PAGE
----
Scientific Understanding of Consciousness
Visual Cortex Functional Microcircuits
Nature 496, 96–100 (04 April 2013)
The emergence of functional microcircuits in visual cortex
Department of Neuroscience, Physiology and Pharmacology, University College London, 21 University Street, London WC1E 6DE, UK
Ho Ko, Lee Cossell, Chiara Baragli, Jan Antolik, Sonja B. Hofer & Thomas D. Mrsic-Flogel
Center for Theoretical Neuroscience, Columbia University, 1051 Riverside Drive, Unit 87 Kolb Research Annex, New York, New York 10032, USA
Unité de Neuroscience Information et Complexité, UPR 3293 CNRS, 1 Avenue de la Terrasse, 91198 Gif-sur-Yvette, France.
Sensory processing occurs in neocortical microcircuits in which synaptic connectivity is highly structured and excitatory neurons form subnetworks that process related sensory information. However, the developmental mechanisms underlying the formation of functionally organized connectivity in cortical microcircuits remain unknown. Here we directly relate patterns of excitatory synaptic connectivity to visual response properties of neighbouring layer 2/3 pyramidal neurons in mouse visual cortex at different postnatal ages, using two-photon calcium imaging in vivo and multiple whole-cell recordings in vitro. Although neural responses were already highly selective for visual stimuli at eye opening, neurons responding to similar visual features were not yet preferentially connected, indicating that the emergence of feature selectivity does not depend on the precise arrangement of local synaptic connections. After eye opening, local connectivity reorganized extensively: more connections formed selectively between neurons with similar visual responses and connections were eliminated between visually unresponsive neurons, but the overall connectivity rate did not change. We propose a sequential model of cortical microcircuit development based on activity-dependent mechanisms of plasticity whereby neurons first acquire feature preference by selecting feedforward inputs before the onset of sensory experience—a process that may be facilitated by early electrical coupling between neuronal subsets—and then patterned input drives the formation of functional subnetworks through a redistribution of recurrent synaptic connections.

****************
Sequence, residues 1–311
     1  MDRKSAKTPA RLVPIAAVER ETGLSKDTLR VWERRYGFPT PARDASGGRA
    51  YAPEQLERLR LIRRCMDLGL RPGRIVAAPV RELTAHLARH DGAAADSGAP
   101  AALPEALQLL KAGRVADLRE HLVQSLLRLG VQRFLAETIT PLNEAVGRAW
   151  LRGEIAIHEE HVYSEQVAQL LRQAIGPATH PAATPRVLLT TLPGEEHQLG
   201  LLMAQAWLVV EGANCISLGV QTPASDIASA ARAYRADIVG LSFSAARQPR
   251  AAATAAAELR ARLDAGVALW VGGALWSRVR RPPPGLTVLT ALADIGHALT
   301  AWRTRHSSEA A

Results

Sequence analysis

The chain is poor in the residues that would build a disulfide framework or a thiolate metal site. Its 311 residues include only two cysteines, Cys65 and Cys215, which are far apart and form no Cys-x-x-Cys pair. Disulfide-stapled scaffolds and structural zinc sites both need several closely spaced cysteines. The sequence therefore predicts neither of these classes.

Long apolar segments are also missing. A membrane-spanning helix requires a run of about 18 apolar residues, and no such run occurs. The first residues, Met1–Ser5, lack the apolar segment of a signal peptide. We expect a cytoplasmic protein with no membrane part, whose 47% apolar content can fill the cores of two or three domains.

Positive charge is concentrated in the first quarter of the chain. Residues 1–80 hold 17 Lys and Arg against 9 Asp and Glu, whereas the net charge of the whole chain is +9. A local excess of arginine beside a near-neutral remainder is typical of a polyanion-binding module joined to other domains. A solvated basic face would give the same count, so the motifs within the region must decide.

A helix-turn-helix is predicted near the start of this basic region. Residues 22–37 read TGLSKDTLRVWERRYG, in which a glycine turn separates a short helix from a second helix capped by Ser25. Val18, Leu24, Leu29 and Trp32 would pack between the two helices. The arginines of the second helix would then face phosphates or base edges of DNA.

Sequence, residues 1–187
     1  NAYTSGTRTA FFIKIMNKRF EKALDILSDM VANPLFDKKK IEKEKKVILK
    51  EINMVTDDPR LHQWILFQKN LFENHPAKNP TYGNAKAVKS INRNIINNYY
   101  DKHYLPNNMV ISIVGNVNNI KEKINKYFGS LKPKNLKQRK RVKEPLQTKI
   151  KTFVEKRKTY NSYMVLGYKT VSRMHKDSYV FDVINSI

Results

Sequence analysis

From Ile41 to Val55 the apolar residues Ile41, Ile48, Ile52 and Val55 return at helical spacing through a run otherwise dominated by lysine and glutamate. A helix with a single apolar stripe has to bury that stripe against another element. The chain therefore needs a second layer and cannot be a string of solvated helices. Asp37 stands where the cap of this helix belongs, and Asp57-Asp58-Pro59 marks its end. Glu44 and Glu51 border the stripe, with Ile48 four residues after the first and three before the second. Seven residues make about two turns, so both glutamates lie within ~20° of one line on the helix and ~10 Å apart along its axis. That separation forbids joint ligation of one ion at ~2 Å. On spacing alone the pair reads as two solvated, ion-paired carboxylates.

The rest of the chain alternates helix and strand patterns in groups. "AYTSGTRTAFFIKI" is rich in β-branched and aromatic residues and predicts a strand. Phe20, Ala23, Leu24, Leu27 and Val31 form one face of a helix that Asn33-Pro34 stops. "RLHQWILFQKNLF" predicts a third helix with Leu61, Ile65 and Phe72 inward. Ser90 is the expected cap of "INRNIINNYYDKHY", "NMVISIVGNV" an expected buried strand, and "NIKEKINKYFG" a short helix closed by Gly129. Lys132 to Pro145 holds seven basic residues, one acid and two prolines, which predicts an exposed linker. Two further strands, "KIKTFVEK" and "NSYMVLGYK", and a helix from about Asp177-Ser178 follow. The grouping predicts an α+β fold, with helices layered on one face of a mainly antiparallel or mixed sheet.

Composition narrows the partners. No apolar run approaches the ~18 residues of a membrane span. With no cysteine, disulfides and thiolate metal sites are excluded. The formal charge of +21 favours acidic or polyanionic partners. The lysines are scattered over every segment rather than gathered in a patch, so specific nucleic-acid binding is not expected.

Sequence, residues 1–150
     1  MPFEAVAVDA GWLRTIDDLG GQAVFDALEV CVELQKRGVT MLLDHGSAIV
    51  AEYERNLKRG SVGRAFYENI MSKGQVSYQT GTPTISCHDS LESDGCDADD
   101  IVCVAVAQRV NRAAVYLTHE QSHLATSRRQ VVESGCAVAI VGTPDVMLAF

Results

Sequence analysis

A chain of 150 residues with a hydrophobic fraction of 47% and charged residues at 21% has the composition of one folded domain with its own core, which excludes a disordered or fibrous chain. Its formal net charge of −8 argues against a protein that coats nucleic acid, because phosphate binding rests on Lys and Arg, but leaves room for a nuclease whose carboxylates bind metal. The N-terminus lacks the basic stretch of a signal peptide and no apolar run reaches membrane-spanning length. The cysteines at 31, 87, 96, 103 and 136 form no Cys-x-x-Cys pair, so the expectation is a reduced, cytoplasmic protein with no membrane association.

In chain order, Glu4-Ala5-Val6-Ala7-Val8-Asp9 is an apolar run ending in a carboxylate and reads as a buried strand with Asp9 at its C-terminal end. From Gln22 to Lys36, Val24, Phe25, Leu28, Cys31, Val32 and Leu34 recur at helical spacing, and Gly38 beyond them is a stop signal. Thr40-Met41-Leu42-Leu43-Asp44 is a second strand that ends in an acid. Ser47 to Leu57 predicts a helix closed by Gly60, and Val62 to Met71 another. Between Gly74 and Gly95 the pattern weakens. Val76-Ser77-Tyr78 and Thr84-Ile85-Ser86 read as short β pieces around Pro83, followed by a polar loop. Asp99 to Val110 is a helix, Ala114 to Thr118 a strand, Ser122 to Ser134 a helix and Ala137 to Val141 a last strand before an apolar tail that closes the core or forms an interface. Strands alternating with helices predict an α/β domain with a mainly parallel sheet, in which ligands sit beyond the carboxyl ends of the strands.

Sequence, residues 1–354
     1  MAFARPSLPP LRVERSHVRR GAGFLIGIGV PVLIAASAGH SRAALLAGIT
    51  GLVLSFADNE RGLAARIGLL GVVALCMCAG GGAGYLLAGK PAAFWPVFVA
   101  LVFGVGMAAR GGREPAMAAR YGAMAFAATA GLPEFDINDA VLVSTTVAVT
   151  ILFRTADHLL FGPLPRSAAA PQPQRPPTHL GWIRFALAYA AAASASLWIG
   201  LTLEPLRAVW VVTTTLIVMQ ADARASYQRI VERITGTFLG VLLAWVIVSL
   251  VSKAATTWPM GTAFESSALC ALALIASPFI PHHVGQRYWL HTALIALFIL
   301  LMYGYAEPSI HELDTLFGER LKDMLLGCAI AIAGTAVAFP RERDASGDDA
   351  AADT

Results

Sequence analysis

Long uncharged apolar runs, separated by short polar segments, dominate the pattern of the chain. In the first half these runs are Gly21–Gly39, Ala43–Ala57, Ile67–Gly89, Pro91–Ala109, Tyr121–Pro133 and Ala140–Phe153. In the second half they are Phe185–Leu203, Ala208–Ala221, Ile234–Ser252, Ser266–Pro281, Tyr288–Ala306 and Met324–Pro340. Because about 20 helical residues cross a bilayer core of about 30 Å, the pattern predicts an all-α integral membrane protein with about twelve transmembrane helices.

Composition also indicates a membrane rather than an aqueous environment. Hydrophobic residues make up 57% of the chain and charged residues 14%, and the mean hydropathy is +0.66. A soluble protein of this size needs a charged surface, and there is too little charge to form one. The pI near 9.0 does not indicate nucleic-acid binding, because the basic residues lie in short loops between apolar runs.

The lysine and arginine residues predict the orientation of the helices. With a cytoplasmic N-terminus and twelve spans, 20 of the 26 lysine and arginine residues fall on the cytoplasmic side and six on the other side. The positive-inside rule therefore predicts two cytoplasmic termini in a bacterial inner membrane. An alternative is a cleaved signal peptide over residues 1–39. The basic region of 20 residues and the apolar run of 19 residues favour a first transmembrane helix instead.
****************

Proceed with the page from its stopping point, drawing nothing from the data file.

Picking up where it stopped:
Intrinsic and experiential factors guide the patterning of neural pathways and the establishment of sensory response properties during postnatal development. During this time, neural circuit refinement is thought to depend on the elimination of initially exuberant projections, selective formation of new connections or both. However, the mechanisms governing the emergence of structured connectivity in local cortical microcircuits, where dendrites and axons overlap extensively, remain uncertain. Moreover, it is not clear whether the organization of synaptic connections between nearby neurons is established early and inherently linked to the formation of receptive fields (RFs) before the onset of sensory experience or whether the mature patterns of recurrent connectivity appear only after the formation of RFs as a result of correlated activity induced by feedforward drive from the sensory periphery. Here we investigate these questions in networks of layer 2/3 (L2/3) pyramidal cells in mouse primary visual cortex (V1) — where neighbouring neurons exhibit a diversity of preference for visual features—by determining how local synaptic connectivity relates to visual response properties during development.
In conclusion, the patterning of recurrent cortical connectivity through the feedforward-driven, activity-dependent redistribution of connections may be a fundamental rule by which neurons link together into assemblies that process related information.
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